# Schur's lemma for quantum states

I am trying to understand Lemma 2 in this paper.

Consider a state $$\tau_{H^n}=\int \sigma^{\otimes n}_{H} \mu(\sigma)$$ where $$\mu(\sigma)$$ is the measure on the space of density operators on a single subsystem induced by the Hilbert-Schmidt metric.

Let $$\sigma_{HK}$$ be the purification of the state $$\sigma_{H}$$. We then have $$\tau_{H^nK^n}=\int \sigma^{\otimes n}_{HK} d(\sigma)$$ where $$d(\sigma)$$ is the measure on the pure states induced by the Haar measure.

It is claimed that by Schur's lemma, $$\tau_{H^nK^n}$$ is proportional to the identity on the symmetric subspace $$\text{Sym}^n(H\otimes K)$$. I am not familiar with Schur's lemma and reading about it has me more confused about why this claim is true.

Question: What is Schur's lemma (in this context) and why does it prove that $$\tau_{H^nK^n}$$ is proportional to the identity on the symmetric subspace $$\text{Sym}^n(H\otimes K)$$?

• Aug 8 at 16:56

Most generally, Schur's Lemma is used as a tool in representation theory. In this answer, I'll try to explain it without talking about said theory.

## Preliminaries: Schur's Lemma

Let us consider a vector space $$V$$ on an algebraically closed field $$\mathbb{K}$$ (typically $$\mathbb{C}$$). We denote $$\mathcal{L}(V)$$ the space of endormophisms of $$V$$. Finally, let us consider a subspace $$U$$ of $$\mathcal{L}(V)$$.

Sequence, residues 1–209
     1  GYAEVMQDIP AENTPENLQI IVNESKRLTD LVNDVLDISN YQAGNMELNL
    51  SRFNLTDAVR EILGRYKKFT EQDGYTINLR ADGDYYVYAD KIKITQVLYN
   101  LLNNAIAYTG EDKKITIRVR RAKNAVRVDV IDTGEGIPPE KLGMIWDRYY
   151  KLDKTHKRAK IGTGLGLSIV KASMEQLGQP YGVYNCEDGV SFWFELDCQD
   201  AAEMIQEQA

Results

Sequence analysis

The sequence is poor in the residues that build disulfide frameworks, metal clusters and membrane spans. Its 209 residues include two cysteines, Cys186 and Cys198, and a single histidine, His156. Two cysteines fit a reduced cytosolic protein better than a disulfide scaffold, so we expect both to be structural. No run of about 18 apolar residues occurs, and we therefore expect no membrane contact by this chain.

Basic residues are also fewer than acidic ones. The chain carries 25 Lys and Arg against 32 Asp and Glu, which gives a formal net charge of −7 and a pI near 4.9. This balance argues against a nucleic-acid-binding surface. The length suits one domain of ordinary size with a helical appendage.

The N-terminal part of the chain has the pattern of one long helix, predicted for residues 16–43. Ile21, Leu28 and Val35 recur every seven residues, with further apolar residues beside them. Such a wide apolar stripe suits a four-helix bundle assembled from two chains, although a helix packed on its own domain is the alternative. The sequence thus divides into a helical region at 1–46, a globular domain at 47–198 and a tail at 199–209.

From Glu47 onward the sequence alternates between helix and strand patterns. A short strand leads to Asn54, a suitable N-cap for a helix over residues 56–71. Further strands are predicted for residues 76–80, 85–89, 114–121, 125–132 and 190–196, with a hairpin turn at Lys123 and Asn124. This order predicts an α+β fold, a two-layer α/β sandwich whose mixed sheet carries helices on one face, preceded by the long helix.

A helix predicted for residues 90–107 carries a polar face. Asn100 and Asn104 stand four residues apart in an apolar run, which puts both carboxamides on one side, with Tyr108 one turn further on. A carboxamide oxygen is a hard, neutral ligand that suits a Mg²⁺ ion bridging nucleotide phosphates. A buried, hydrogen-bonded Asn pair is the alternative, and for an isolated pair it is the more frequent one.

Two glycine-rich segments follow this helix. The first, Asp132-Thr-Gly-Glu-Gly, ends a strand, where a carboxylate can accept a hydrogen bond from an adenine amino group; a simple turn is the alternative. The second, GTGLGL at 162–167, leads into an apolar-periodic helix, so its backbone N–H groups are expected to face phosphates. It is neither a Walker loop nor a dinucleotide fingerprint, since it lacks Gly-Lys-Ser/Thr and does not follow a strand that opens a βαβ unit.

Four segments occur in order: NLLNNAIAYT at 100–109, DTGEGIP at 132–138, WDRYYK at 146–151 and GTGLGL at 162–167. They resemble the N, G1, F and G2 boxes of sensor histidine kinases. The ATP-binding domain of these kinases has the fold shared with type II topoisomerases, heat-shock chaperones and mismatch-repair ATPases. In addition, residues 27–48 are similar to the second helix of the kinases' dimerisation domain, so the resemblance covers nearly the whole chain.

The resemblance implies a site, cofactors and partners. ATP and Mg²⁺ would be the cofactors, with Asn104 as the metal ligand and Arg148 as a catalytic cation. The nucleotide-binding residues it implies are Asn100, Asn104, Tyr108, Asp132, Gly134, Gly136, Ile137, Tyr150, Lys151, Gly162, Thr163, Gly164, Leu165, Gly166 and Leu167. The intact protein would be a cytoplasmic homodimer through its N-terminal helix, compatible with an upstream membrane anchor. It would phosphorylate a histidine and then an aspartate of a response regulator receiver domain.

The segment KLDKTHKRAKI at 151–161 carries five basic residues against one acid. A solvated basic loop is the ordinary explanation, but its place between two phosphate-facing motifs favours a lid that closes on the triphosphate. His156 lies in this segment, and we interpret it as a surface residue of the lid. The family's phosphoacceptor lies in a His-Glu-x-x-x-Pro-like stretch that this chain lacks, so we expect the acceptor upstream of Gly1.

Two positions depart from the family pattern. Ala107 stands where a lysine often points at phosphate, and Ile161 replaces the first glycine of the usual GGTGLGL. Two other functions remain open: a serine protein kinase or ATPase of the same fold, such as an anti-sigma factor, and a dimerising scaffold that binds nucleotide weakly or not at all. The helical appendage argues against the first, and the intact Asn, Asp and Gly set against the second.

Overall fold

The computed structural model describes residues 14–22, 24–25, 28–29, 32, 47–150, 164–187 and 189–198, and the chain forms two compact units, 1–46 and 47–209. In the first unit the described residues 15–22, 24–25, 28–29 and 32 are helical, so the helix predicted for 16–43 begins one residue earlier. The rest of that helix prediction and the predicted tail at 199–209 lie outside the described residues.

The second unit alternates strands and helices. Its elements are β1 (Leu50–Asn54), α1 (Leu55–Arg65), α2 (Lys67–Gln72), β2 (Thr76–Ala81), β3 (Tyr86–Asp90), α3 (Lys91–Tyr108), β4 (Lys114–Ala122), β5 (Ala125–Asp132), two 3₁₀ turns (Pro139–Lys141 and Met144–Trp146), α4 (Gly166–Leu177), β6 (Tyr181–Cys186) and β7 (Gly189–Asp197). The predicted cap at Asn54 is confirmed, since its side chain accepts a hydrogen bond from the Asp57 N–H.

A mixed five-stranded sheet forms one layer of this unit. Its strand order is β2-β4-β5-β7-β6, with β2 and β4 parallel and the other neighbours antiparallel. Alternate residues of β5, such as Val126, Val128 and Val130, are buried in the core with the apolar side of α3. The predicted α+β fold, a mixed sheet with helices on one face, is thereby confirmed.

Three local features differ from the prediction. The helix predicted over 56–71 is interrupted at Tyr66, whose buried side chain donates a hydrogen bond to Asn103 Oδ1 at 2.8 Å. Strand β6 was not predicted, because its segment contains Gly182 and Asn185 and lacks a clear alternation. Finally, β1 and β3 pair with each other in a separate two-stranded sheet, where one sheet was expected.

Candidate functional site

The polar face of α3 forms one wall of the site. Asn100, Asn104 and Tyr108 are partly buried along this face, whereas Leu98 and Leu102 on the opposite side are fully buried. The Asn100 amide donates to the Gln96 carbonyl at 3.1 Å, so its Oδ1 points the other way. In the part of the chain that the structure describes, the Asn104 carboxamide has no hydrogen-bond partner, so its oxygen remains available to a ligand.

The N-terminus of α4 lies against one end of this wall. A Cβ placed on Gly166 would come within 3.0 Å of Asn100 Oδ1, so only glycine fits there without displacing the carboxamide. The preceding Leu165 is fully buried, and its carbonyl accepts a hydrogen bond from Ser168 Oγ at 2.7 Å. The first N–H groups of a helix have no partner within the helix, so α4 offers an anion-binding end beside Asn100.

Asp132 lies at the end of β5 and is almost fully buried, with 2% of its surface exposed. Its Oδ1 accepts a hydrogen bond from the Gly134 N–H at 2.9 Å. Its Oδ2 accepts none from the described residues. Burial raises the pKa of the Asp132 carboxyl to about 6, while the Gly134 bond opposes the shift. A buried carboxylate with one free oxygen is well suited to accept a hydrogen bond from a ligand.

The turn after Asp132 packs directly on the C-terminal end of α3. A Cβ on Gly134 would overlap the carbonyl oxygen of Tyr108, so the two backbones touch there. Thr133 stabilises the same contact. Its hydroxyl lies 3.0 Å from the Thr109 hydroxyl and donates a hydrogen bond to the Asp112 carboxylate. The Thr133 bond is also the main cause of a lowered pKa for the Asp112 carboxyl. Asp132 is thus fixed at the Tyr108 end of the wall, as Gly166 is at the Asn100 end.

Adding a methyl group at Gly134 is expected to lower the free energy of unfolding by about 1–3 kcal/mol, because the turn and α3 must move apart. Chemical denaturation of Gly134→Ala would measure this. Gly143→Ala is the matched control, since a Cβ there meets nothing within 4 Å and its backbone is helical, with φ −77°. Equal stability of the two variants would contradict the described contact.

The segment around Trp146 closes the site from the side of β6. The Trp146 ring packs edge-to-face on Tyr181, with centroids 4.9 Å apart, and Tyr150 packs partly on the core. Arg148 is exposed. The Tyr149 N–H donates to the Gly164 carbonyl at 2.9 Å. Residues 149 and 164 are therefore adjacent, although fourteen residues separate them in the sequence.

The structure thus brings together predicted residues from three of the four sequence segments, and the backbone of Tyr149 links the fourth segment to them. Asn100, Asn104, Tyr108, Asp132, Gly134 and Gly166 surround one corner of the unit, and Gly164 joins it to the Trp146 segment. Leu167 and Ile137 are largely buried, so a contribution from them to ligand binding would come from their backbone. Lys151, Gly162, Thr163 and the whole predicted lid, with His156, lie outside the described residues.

$$U$$ is said to be irreducible if the only subspaces of $$V$$ that are left unchanged by every $$u\in U$$ are the nil subspace $$\{0\}$$ and $$V$$ itself. That is, we have: $$\forall F\text{ subspace of }V, [\forall u\in U, \forall x\in F, u(x)\in F]\iff[F=\{0\}\lor F=E]$$

What Schur's Lemma tells you is that if an endomorphism $$v$$ commutes with all elements of an irreducible $$U$$, then $$v$$ must be an homothety, that is $$v$$ is proportional to the identity. That is: $$[\forall u\in U, u\circ v=v\circ u]\implies[\exists\lambda\in\mathbb{K},v=\lambda\,\mathrm{id}]$$

## Computing the integral

So now, let us consider your integral: $$\tau=\int\sigma^{\otimes n}\,\mathrm{d}\mu(\sigma)$$ where $$\mu$$ is the Haar-measure on $$H\otimes K$$. Let us decompose the reasoning in two steps.

### Showing that $$\tau$$ is an operator on the symmetric subspace

First of all, note that $$\tau$$ is an operator on the symmetric subspace $$\mathrm{Sym}^n(H\otimes K)$$. In order to show this, let us define $$P_\pi$$ as the permutation of the tensor factors according to the permutation $$\pi\in\mathfrak{S}_n$$. That is, if we have a state $$\left|x_1,\cdots,x_n\right\rangle\in(H\otimes K)^{\otimes n}$$, then: $$P_\pi\left|x_1,\cdots,x_n\right\rangle=\left|x_{\pi^{-1}\left(1\right)},\cdots,x_{\pi^{-1}\left(n\right)}\right\rangle$$ Note that for any $$\pi\in\mathfrak{S}_n$$, we have: $$P_\pi\tau=P_\pi\int\sigma^{\otimes n}\,\mathrm{d}\mu(\sigma)=\int P_\pi\sigma^{\otimes n}\,\mathrm{d}\mu(\sigma)=\int\sigma^{\otimes n}\,\mathrm{d}\mu(\sigma)=\tau$$ And similarly we have $$\tau P_\pi=\tau$$. The penultimate equation is more easily seen when writing $$\sigma$$ as $$|\psi\rangle\!\langle\psi|$$, since $$\sigma^{\otimes n}=|\psi\rangle^{\otimes n}\!\langle\psi|^{\otimes n}$$ and $$P_\pi|\psi\rangle^{\otimes n}=|\psi\rangle^{\otimes n}$$.